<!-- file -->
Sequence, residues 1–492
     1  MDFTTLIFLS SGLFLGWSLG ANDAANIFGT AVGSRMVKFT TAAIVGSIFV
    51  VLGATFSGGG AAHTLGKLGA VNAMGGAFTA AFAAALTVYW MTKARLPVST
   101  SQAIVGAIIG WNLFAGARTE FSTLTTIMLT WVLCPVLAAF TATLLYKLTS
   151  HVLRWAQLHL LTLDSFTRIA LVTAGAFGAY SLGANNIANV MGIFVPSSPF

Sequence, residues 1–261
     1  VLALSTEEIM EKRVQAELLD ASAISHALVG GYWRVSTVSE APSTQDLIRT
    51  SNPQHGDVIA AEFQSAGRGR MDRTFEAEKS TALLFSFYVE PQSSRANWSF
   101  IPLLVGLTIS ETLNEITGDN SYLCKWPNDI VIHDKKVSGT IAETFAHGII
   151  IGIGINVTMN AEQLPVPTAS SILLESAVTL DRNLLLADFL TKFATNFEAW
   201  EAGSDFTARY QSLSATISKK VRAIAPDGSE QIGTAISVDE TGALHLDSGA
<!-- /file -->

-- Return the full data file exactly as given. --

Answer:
Sequence, residues 1–492
     1  MDFTTLIFLS SGLFLGWSLG ANDAANIFGT AVGSRMVKFT TAAIVGSIFV
    51  VLGATFSGGG AAHTLGKLGA VNAMGGAFTA AFAAALTVYW MTKARLPVST
   101  SQAIVGAIIG WNLFAGARTE FSTLTTIMLT WVLCPVLAAF TATLLYKLTS
   151  HVLRWAQLHL LTLDSFTRIA LVTAGAFGAY SLGANNIANV MGIFVPSSPF

Sequence, residues 1–261
     1  VLALSTEEIM EKRVQAELLD ASAISHALVG GYWRVSTVSE APSTQDLIRT
    51  SNPQHGDVIA AEFQSAGRGR MDRTFEAEKS TALLFSFYVE PQSSRANWSF
   101  IPLLVGLTIS ETLNEITGDN SYLCKWPNDI VIHDKKVSGT IAETFAHGII
   151  IGIGINVTMN AEQLPVPTAS SILLESAVTL DRNLLLADFL TKFATNFEAW
   201  EAGSDFTARY QSLSATISKK VRAIAPDGSE QIGTAISVDE TGALHLDSGA